White House Directed Bannon Silence in House Interview; Bannon Subpoenaed by House and Mueller

Bannon subpoena
Former White House strategist Steve Bannon leaves a House Intelligence Committee interview Tuesday. (AP Photo/Jacquelyn Martin)

Steve Bannon’s attorney relayed questions, in real time, to the White House during a House Intelligence Committee interview of the former Trump chief strategist, people familiar with the closed-door session told The Associated Press.

As lawmakers probed Bannon’s time working for President Donald Trump, Bannon’s attorney Bill Burck was asking the White House counsel’s office by phone during the Tuesday session whether his client could answer the questions. He was told by that office not to discuss his work on the transition or in the White House.

It’s unclear who Burck was communicating with in the White House or whether it was top White House lawyer Don McGahn, whom Burck is also representing in special counsel Robert Mueller’s investigation into contacts between the Trump campaign and Russia.

The conversations were confirmed by a White House official and a second person familiar with Bannon’s interview. They spoke on condition of anonymity because they were not authorized to speak publicly.

Bannon refused to answer a broad array of queries from the House Intelligence Committee about his time working for Trump, leading the committee chairman to authorize a subpoena.

Lawmakers were expecting a similar fight Wednesday with Trump’s White House as another senior aide, Rick Dearborn, appears for a private interview with the committee.

The developments brought to the forefront questions about White House efforts to control what current and former aides tell Congress about their time in Pres. Trump’s inner circle, and whether Republicans on Capitol Hill would force the issue.

It is unlikely the committee will face the same White House objections with Trump’s former campaign manager, Corey Lewandowski, who is also being interviewed Wednesday. He never served in the White House.

The interviews with Lewandowski and Dearborn were confirmed by two people familiar with the committee’s work who spoke to the AP on condition of anonymity to discuss the confidential interviews.

Lawmakers questioned Bannon Tuesday as part of their investigation into Russian election inference and sought answers about Trump’s thinking when he fired FBI Director James Comey.

But Bannon refused to answer questions about that crucial period, and as a result, the chairman, Rep. Devin Nunes, R-Calif., issued the subpoena, spokesman Jack Langer said.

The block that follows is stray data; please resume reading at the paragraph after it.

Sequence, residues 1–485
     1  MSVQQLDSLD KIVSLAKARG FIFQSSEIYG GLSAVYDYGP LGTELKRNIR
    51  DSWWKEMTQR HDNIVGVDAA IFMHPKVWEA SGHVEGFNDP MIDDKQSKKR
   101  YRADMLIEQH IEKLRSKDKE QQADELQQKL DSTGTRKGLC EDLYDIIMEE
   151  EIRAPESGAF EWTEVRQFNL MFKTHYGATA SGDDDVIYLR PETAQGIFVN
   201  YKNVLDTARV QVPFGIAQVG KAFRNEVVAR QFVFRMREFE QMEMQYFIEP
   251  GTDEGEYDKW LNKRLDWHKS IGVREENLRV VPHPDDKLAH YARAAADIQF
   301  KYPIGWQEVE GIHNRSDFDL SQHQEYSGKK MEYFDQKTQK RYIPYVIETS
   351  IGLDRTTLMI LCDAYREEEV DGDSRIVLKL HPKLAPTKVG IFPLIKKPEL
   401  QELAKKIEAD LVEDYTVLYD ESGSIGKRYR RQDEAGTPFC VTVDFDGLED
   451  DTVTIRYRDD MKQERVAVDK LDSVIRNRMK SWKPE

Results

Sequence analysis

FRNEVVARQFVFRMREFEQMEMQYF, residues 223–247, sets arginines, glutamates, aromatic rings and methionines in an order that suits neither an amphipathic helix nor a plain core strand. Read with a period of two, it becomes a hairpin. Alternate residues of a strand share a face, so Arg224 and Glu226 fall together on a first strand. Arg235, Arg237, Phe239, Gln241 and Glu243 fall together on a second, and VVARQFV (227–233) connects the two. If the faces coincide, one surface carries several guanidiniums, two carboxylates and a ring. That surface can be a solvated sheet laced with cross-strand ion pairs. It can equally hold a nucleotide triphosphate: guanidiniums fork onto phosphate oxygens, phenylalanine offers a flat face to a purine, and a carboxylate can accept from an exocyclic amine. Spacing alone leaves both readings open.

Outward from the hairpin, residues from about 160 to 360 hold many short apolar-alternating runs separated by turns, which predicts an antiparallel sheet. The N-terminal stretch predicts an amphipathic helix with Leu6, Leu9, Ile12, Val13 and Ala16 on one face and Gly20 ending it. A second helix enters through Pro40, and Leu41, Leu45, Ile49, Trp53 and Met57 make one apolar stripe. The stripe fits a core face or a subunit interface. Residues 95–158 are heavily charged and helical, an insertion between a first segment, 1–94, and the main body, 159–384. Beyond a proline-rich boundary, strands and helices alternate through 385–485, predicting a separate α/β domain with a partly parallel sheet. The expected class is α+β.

A White House official said the White House counsel’s office had a conversation last week with committee counsel about Bannon’s testimony and was told the questions were expected to be about the campaign. The official said the White House offered to send an attorney to attend the interview and was told the move wasn’t necessary.

But when the lawmaker’s questions moved to Bannon’s time in the White House, Burck, his attorney, who also represents White House counsel Don McGahn, got on the phone with the counsel’s office. The official wouldn’t say whom Burck spoke with in the counsel’s office or whether it was his client, McGahn.

The congressional subpoena came the same day The New York Times reported that Bannon, a former far-right media executive and recently scorned Trump adversary, has been served with a grand-jury subpoena issued by special counsel Robert Mueller.

Bannon confirmed that he had received the subpoena from Mueller during his House Intelligence Committee interview, according to a person who spoke to the AP on condition of anonymity because they weren’t authorized to publicly discuss Bannon’s interactions with Mueller. Bannon is the highest-ranking person who served in the Trump White House to receive a grand jury subpoena.

On Wednesday, CNN, citing sources close to Bannon, reported that Bannon has struck a deal to be interviewed by Mueller’s team rather than appearing before a grand jury.

An interview with prosecutors would allow Bannon to have an attorney present during his appearance, as lawyers are not permitted in grand-jury rooms.


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